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Foreword 3 The texts are presented chronologically. After I had experimented with different media-based or thematic structures, this arrangement proved to be the most useful. A media-based organization might have made it easier for specialists to find their areas of interest assembled in one section of the book. Similarly, a thematic structure might have divided the material to give it a particular resonance at this historical moment. Both, however, presented difficulties. First of all, Snow's practice is distinguished by the fact that he has been simultaneously involved in various disciplines. Many of the texts reflect this, making it sometimes impossible to classify them. To think of him solely as a filmmaker or a visual artist or even a musician is to ignore the essence of his multifarious creativity. The difficulty of a thematic approach is that it tends to date quickly; to search for one theme most resistant to fashion would have been arbitrary in any case. The current structure takes us through time, serving both as an individual history of this artist and a more far-reaching representation of his vast body of work in the context of Canadian art and culture. It also exposes us to Snow's experience with various media so we can appreciate how one thing leads to another for him, or that, pardoxically , continuity exists in diversity. Although all the previously published material has been transcribed as faithfully as possible, corrections have been made to typographical and spelling errors when these were noticed; otherwise, the material is reproduced as it originally appeared. Each piece is introduced by Snow or me, with the aim of describing the original context and form. As the ultimate goal of this book is to make the material readily available for further research and analysis as well as enjoyment, it is comprehensive without being totally exhaustive. Some isolated but possibly better known statements by Snow about his work have been omitted, and though it was essential to include some of the interviews with him, not all are here, for a variety of reasons. And some exclusion is probably just as well. Knowing Michael Snow and having gone through a similar process before, in attempting to list all the Walking Woman Works, I would have been surprised if he had not discovered other important writings after this selection had been compiled; in fact he did so, even as I was writing this introduction! But the impracticability of includingeverything is one of the many challenges that a project like this entails. And because Snow is still impelled to write, the appealing possibility of future collections remains. Louise Dompierre Associate Director/Chief Curator The Power Plant, Toronto May 1993 This page intentionally left blank The Real "New Jazz" 1950 In 1947 I became fascinated by early jazz - NewOrleans, Dixieland, blues - and started to play such music publicly. This period of my artistic career is well documented and discussed by various writers in the music/sound volume of the series to which this book belongs. Simultaneous with what has been called the New Orleans Revival, which I was part of, another musical revolution was taking place, that of the bebop or modern jazz of Charlie Parker, Miles Davis, Thelonius Monk and many others. A deeply felt aesthetic war developed between these two movements. I was on the side of the "old" jazz (later I wasn't) and wrote the following article to prove that there was another "new" jazz which continued the great tradition rather than threatened it, as I thought Parker's music, for example, did. I had hoped for publication, but it never happened . Well, it took forty years, but... here it is! I wrote it while I was going to high school (Upper Canada College). This is definitely a text for a specialist reader. To attempt to further identify all the musicians referred to would call for another book. Today I'm sadly sure that many of the names mentioned will be unknown to most jazz fans. There was great talent there, as is evident on the recordings made by those mentioned in the text from 1948 through the Fifties. The need to take sides has vanished, but some of the music is still with us and some of both my knowledge and passion are still evident in this revival. M.S. The last few years have seen a Renaissance in Jazz, and a most amazing one at that. There has been a burst of renewed interest in...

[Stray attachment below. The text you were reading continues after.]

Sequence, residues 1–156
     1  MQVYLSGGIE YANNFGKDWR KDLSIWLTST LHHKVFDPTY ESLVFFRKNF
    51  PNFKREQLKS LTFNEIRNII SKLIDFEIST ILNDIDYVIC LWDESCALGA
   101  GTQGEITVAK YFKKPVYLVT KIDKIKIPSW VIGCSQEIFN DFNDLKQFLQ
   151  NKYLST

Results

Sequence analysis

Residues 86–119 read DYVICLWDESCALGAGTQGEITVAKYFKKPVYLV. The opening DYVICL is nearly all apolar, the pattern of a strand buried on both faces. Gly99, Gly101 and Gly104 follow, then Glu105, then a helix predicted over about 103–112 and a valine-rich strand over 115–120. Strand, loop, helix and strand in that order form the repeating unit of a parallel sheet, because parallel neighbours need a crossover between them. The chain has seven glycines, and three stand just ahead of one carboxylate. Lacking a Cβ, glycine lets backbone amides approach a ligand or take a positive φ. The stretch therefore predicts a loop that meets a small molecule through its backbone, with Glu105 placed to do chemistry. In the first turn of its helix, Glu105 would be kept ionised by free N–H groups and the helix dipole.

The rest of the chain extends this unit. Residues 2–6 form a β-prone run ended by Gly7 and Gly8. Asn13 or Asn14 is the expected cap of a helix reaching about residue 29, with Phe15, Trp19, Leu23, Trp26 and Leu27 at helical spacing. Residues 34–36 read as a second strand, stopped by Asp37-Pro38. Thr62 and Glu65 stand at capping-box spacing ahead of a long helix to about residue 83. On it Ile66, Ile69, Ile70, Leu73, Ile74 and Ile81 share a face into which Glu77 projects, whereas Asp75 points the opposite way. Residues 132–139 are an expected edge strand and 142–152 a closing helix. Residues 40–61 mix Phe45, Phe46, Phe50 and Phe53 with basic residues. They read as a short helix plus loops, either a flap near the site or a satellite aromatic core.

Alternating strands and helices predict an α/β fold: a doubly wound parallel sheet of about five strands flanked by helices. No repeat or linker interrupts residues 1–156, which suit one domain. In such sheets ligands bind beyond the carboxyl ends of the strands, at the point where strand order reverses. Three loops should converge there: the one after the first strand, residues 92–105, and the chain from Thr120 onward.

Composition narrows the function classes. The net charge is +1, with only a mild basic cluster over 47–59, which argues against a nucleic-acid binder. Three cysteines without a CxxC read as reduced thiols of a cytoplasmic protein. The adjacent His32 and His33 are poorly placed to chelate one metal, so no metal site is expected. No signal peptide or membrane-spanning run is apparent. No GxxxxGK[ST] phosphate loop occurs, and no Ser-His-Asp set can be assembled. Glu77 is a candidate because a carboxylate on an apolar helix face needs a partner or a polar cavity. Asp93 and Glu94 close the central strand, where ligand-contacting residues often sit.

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Additional Information

ISBN
9780889206045
Related ISBN
9780889202436
MARC Record
OCLC
180704522
Pages
293
Launched on MUSE
2012-01-01
Language
English
Open Access
No
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